Rendell-Baker v. Kohn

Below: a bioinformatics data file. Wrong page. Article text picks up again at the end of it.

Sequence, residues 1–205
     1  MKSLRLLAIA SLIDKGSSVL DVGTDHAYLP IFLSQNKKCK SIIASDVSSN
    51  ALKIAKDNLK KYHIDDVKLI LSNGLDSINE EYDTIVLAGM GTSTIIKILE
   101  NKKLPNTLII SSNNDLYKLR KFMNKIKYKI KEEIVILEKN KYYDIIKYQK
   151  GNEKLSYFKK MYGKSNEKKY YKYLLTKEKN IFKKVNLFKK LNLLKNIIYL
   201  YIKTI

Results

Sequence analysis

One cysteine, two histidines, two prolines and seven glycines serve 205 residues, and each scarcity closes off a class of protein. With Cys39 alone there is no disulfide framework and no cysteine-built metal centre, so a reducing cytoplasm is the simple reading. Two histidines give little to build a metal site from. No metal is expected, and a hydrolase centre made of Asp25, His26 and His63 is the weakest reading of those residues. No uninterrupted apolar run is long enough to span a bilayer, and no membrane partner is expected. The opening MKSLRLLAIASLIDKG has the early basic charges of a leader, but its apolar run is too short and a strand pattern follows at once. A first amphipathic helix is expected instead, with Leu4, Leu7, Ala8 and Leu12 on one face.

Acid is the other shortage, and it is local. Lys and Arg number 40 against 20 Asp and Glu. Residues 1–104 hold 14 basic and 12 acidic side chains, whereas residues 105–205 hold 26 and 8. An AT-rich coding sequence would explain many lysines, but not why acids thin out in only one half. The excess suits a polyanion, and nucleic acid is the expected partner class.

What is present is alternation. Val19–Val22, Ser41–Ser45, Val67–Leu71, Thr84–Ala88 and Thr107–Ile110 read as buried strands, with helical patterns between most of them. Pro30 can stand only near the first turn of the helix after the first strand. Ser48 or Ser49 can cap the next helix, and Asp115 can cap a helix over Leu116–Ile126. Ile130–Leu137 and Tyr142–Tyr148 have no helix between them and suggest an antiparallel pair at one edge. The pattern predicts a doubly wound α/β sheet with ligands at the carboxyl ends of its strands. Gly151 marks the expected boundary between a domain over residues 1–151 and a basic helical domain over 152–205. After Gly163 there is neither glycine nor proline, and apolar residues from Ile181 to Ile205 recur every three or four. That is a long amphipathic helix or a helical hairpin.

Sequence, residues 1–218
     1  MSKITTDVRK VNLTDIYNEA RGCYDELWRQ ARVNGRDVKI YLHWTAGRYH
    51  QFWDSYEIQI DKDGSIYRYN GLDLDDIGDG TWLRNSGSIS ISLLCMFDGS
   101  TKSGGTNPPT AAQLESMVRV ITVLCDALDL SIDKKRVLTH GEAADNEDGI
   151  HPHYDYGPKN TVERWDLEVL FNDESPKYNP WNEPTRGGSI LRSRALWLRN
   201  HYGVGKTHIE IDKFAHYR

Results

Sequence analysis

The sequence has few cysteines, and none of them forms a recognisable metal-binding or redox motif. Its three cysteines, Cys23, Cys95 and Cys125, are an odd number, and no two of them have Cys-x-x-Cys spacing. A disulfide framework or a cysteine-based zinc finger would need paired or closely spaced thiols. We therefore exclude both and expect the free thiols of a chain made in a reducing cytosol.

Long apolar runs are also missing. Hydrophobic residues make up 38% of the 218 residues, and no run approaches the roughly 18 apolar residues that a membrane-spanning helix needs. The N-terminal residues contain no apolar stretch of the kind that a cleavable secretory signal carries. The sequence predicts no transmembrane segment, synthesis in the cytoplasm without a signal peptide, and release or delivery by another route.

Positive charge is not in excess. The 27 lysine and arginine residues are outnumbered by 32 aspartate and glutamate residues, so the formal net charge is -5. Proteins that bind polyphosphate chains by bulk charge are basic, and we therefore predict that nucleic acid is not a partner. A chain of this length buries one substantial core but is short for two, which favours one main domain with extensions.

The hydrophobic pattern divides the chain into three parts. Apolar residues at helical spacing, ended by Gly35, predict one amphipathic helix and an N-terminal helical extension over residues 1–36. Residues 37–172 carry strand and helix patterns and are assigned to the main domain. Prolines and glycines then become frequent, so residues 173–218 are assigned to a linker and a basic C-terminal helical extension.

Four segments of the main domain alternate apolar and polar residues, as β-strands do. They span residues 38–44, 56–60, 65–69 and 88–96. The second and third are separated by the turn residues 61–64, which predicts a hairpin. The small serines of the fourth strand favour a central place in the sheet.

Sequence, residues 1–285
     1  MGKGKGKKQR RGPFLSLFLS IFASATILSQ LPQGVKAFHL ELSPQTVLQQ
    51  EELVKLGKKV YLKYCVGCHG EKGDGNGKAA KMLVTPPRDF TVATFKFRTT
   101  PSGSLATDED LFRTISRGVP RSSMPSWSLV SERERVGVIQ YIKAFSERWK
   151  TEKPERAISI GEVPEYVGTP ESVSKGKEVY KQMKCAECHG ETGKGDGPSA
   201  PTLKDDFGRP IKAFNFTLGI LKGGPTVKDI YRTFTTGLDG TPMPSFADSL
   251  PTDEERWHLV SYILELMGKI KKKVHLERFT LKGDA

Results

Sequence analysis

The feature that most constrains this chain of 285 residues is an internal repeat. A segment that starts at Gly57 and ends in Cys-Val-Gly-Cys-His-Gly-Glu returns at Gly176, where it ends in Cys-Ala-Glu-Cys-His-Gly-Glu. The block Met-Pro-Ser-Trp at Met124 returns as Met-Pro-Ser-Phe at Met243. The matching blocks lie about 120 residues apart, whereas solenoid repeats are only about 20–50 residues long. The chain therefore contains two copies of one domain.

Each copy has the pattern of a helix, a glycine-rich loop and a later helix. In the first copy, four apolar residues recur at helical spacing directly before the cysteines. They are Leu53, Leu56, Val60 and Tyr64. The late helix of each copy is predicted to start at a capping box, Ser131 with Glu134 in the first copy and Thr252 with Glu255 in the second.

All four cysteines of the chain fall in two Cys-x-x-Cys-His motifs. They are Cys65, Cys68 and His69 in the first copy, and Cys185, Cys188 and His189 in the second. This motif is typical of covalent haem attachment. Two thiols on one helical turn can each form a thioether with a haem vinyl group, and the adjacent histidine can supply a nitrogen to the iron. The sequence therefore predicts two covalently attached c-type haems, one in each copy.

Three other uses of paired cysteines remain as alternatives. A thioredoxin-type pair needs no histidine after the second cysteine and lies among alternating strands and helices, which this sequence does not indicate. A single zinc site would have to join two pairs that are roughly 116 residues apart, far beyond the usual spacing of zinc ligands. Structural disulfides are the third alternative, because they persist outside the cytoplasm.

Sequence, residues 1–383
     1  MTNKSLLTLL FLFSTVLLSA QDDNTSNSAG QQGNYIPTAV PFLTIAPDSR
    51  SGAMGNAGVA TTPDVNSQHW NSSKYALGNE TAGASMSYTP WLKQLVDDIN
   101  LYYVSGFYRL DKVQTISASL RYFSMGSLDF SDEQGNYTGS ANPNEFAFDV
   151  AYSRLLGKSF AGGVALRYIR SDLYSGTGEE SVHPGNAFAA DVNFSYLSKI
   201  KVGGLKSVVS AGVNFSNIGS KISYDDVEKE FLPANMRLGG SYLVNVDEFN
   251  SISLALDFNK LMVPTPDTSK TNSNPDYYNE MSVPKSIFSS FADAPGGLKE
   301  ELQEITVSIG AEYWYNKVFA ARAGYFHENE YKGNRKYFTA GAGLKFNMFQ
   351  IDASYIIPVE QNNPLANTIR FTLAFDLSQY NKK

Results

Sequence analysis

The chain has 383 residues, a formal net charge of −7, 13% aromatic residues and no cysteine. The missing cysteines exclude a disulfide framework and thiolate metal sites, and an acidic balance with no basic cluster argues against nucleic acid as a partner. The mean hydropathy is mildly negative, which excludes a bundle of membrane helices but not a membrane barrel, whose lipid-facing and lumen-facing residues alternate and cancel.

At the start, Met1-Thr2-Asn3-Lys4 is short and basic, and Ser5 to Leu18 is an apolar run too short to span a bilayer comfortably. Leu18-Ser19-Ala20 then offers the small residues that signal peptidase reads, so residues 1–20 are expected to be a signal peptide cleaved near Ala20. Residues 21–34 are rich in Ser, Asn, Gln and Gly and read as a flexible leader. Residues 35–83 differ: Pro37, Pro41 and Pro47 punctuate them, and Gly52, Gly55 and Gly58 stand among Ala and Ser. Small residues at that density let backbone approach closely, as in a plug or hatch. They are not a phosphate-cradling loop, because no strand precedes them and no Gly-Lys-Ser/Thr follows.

In Rendell-Baker v. Kohn (1982), the U.S. Supreme Court decided that actions of administrators in discharging teachers at a private school that provided mandatory services to maladjusted students did not rise to the level of a “state action,” regardless of the amount of state (or more properly “commonwealth,” since Massachusetts is not a state) and federal funding the school received. In a companion case that did not arise in a school setting, Blum v. Yaretsky (1982), the Court similarly ruled that when hospital staff transferred patients from one level of care to another, lower level, there was no state action involved. In both cases, since the alleged wrongdoings did not rise to the level of state actions, the Court found that the aggrieved parties were ...

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